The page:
Injured workers face long wait for compensation in California. A backlog of compensation cases can mean a wait of up to a year before a hearing is scheduled. A class-action lawsuit seeks to require the state to enforce deadlines.
Waitress Violet Day slipped and fell in a restaurant walk-in freezer two years ago, injuring her lower back and shoulder. She filed a workers' compensation claim in January 1987, but has yet to receive full payment for her injury. Her odyssey through California's byzantine workers' compensation system has turned out to be more disturbing than her original injury, she says.
Ms. Day's employer disputed her claim and the case entered the system's clogged adjudication process. According to state law, a case must be set for hearing within 30 days after the plaintiff's attorney declares readiness to go to trial. Ms. Day's hearing, however, was delayed for a year.
Even after she signed a $10,500 settlement with her employer, she received no money because the agreement required approval by a workers' compensation judge. Judges' caseloads are so heavy, there are long delays even to approve settlements.
Unemployed and having sold off her car to pay for rent, Ms. Day became desperate. ``I had to beg them to give me an advance,'' she says. So far she has received about $5,600.
Yesterday, Ms. Day, two other workers and two unions filed a class-action suit charging that the workers' compensation system consistently misses deadlines because of inadequate staffing and other administrative problems. They want the system to adhere to its legislatively mandated deadlines.
Many states face long delays and other serious problems in their injured worker programs, says Melvin Witt, former head of the California Workers' Compensation Appeals Board, a state court of limited jurisdiction that resolves workers' compensation disputes. If the California class-action suit succeeds, it could lead to similar litigation elsewhere.
But the backlog in California is so bad, charges plaintiff attorney Ralph Abascal, that ``for the first quarter of 1988, there were 384 feet of unopened mail'' in workers' compensation offices statewide.
Ronald Rinaldi, who heads the California agency that oversees the workers' compensation system, responds to the shortage of judges and staff by saying, ``we're willing to talk resources, but we want to talk overall reform. We are being very aggressive in trying to improve productivity and automation.''
The California legislature established one of the nation's first workers' compensation systems from 1911-18 as part of a wave of progressive working-class reforms. Previously, employers had maintained that all on-the-job injuries were the workers' fault.
Workers' compensation was the nation's first ``no-fault'' insurance system. Employees were to receive prompt payment for injuries, while employers could avoid potentially costly litigation.
In the late 1940s the state mandated that all claims must be set for trial 10 to 30 days after the workers' attorney declares readiness for trial. But in recent times, as the number of injuries has grown, the governor's office has failed to expand the workers' compensation administrative apparatus, creating huge backlogs.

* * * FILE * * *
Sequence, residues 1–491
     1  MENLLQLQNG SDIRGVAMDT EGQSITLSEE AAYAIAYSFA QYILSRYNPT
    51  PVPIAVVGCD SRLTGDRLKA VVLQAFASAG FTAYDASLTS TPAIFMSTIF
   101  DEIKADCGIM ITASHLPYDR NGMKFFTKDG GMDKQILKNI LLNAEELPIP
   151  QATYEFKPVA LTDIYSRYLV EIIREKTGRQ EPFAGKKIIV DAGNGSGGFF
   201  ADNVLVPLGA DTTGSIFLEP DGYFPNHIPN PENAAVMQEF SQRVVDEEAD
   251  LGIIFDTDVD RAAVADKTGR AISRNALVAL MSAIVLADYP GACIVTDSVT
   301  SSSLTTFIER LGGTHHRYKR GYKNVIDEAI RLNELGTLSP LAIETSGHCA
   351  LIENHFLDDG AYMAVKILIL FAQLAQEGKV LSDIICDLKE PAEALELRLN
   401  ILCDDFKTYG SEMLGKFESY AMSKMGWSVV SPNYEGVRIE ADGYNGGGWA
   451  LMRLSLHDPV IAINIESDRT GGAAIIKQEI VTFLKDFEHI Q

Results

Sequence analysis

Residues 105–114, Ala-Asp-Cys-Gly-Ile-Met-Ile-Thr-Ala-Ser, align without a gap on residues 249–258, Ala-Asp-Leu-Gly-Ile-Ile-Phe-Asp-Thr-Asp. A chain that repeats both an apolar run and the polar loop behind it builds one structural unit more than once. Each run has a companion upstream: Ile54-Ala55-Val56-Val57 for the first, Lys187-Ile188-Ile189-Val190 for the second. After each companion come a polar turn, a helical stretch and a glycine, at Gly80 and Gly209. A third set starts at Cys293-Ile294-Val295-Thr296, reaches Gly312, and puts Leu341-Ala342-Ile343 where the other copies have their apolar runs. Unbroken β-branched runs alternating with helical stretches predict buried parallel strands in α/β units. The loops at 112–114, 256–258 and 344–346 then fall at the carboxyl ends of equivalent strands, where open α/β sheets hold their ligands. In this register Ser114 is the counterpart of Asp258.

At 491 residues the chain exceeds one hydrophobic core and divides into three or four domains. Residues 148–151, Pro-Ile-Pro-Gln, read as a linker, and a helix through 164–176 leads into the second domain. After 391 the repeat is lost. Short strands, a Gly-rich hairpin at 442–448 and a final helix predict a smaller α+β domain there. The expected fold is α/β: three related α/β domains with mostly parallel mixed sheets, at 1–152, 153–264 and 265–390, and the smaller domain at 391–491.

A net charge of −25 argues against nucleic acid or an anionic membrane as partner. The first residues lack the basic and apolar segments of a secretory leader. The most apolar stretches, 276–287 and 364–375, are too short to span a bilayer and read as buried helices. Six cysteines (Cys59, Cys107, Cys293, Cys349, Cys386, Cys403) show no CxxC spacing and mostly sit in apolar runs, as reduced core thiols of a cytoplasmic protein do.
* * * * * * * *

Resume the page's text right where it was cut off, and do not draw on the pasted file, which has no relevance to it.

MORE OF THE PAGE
From 1970 to 1986 workers' compensation cases increased by 150 percent, but the number of hearing officers or judges rose by only 24 percent.
For the last several years, the Democrat-controlled legislature voted money to increase the number of judges and staff, but Republican Governor George Deukmejian vetoed it.
Attorney Abascal says the governor's veto was an attempt to force through other changes in the workers' compensation system.
The governor is sensitive to employers' and insurance companies' complaints that the system costs them too much, says John O'Hara, an attorney appointed by the Governor to mediate the issue. Employers and insurance companies maintain that employee fraud, unnecessary litigation, and a large increase in stress-related claims have driven up the cost of workers' compensation insurance premiums.
Employers and unions also agree that benefit payments are too low. Benefits have not been increased since 1981. Maximum benefits for temporary disability are $224 per week and only $140 a week for permanent disability.
Labor unions and applicant attorneys complain that the system forces workers to settle prematurely, and that it is difficult to litigate cases of obvious employer negligence.
In March the state senate and assembly held joint hearings in an attempt to resolve the controversy, but failed to agree on legislation. Gov. Deukmejian formed an advisory group which is scheduled to make its report in August, but it's not clear if the members can reach a consensus.
The legislature will reconvene only for the month of August, so a potential overall reform bill has remote chances of being passed this year.
The class-action lawsuit seeks to speed up payment of claims, while the debate continues on a comprehensive overhaul. Abascal predicts that the case will win easily because the state is ignoring its own legislatively mandated deadlines.
How the courts might choose to enforce the deadlines is another matter. In the early 1970s the courts issued contempt citations and imposed fines against various state governments for failing to meet deadlines in welfare cases.
Abascal hopes that California courts will do the same, thus forcing the state to increase staffing and pay benefits to workers such as Violet Day.